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Radiography; Types, applications and possible side effects

Study guide




Radiography is the science of using radiation to image tissues, organs, bones, and blood vessels in the body. This method uses high-energy rays that are similar to sound waves and microwaves, but can pass through the body and display images of internal structures. This diagnostic method involves a wide variety of different types of imaging. It is used to diagnose injuries, diseases and fractures. In the following, you can get acquainted with the types of radiography and the uses and dangers of each. Stay with us.

What is radiography?

Medical radiography is a broad term that includes a variety of X-ray images of internal organs. X-ray or radiography is a way to create and record an X-ray design to create a still image that remains after the x-ray is taken.

This imaging technique helps diagnose and treat patients by capturing images of patients’ internal structures. Existing images can show the presence or absence of disease, foreign objects, and damaged or abnormal structure.

During a radiograph, an x-ray is passed through the body. Some of this radiation is absorbed or diffused by the internal organs of the body and the rest of the X-rays are transmitted to the sensor. Recording the remaining pattern of the beam can be digital or on film.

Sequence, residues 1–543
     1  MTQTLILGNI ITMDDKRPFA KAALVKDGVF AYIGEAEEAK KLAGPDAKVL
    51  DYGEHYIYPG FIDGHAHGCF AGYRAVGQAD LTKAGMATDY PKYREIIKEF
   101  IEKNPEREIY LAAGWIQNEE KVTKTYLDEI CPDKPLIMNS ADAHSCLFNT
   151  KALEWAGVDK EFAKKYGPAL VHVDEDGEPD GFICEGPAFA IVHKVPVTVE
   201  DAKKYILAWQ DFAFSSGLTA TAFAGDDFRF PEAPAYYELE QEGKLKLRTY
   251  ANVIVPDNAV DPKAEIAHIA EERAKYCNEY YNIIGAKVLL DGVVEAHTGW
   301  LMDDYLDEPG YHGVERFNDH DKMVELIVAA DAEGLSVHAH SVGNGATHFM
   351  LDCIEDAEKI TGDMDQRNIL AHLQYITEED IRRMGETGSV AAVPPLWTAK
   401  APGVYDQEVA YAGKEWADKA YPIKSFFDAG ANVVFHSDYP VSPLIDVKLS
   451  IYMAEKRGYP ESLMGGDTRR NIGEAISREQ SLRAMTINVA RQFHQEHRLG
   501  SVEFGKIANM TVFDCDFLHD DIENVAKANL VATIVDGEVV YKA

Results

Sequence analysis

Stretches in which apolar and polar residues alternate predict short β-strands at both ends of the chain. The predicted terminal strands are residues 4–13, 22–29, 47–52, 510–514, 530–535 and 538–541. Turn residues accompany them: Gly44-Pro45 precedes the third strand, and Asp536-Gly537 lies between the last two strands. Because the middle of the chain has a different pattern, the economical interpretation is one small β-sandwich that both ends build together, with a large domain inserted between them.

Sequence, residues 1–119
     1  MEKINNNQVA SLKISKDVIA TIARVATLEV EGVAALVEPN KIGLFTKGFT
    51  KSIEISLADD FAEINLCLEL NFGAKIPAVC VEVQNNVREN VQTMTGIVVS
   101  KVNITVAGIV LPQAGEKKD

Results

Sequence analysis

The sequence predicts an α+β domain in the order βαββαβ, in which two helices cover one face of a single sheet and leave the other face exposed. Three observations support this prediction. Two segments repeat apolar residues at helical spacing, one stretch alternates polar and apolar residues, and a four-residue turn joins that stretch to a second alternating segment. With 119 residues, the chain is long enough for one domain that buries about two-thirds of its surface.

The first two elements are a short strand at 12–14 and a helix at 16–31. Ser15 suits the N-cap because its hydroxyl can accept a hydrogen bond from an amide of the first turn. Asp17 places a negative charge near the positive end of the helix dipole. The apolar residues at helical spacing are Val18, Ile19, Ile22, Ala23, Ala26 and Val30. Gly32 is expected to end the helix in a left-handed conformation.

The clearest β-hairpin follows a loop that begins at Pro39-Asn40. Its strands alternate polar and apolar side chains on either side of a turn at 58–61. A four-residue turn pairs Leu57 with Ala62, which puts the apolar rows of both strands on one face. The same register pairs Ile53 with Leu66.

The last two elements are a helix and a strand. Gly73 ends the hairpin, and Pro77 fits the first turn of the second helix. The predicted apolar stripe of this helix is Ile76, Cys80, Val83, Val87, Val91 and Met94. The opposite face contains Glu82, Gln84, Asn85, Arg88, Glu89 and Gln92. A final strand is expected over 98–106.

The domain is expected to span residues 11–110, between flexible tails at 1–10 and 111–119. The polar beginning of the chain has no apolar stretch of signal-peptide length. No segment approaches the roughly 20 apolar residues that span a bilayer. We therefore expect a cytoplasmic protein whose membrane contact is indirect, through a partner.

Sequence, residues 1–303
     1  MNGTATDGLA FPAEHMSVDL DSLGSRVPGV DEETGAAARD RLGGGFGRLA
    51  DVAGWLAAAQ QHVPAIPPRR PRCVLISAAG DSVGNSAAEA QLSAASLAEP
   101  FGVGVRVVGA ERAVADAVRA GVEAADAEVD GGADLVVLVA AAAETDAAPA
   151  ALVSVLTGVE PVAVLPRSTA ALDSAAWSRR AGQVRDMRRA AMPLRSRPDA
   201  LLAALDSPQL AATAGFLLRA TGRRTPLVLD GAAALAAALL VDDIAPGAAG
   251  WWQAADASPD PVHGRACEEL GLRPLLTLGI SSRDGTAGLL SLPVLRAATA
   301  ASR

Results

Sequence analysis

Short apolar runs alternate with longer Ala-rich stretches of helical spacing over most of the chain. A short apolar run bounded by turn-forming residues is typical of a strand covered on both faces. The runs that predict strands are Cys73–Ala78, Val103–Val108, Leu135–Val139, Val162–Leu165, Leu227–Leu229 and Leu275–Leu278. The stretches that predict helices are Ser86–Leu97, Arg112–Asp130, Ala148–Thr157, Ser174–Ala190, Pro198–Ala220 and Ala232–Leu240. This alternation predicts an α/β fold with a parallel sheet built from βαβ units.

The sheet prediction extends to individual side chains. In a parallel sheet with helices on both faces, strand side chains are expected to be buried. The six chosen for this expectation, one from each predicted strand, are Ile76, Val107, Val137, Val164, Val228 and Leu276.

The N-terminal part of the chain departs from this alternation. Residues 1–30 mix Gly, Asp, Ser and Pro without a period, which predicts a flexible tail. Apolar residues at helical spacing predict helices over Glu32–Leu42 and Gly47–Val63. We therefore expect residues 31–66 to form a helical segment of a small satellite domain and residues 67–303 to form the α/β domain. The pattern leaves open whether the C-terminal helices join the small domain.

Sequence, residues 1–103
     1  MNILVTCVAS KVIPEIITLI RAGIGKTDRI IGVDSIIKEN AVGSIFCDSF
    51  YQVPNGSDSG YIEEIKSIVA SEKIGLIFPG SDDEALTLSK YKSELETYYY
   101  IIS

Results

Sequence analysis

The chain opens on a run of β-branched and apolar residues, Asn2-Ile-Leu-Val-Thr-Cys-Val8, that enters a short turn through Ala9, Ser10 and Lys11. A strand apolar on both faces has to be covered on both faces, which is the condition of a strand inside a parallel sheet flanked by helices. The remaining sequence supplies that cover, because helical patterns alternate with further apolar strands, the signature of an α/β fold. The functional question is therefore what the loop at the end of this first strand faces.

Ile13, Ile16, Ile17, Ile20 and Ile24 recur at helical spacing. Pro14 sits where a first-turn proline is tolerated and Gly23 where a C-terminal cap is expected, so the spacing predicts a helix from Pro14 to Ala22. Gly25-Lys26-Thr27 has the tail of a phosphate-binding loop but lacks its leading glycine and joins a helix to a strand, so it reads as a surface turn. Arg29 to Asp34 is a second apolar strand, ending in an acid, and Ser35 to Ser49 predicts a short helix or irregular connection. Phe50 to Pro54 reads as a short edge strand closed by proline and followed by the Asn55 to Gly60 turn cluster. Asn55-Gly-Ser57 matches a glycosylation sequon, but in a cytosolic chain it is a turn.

What are the uses of radiography?

Diagnostic applications

X-ray radiography: This method is used to diagnose bone fractures, some abnormal tumors and masses, pneumonia, some injuries, calcium deposition, the presence of foreign bodies, and dental imaging.

Mammography: This type of radiograph is used to diagnose breast cancer. Tumors are lumps with regular or irregular shapes that appear more clearly in the background of the radiographic image. Mammograms can also show very small particles of calcium. Although these calcium deposits are usually benign, they can be a sign of certain types of cancer.

CT Scan: This method combines X-ray technology with computer processing to provide images of various body sections that ultimately form a three-dimensional shape. CT images are more detailed than regular radiographs and allow the doctor to examine the internal structures of the body from different angles.

Fluoroscopy: Using X-rays and a fluorescent screen, you can see vivid images of movements inside the body, such as the path of the contrast material injected or eaten. Fluoroscopy of the beating heart can also show the flow of blood to the heart muscle and other organs and arteries.

Therapeutic applications

Radiation therapy for cancer treatment: X-rays and other high-energy rays can be effective in destroying tumors and cancer cells by destroying DNA. The intensity of radiation for cancer treatment is much higher than the radiation needed for diagnostic imaging. In this method, an in vitro device or an in vivo radioactive substance can be used.

Reasons for doing radiography

Radiography may be needed if any of the following occur:

  • Bone fracture;
  • Blocked artery or vein;
  • Existence of a foreign body in the body;
  • The possibility of a tumor or cancer;
  • Pregnancy;
  • Dental treatments;
  • Muscle rupture.

If your doctor prescribes a radiograph, you will need to see a radiologist and a radiologist.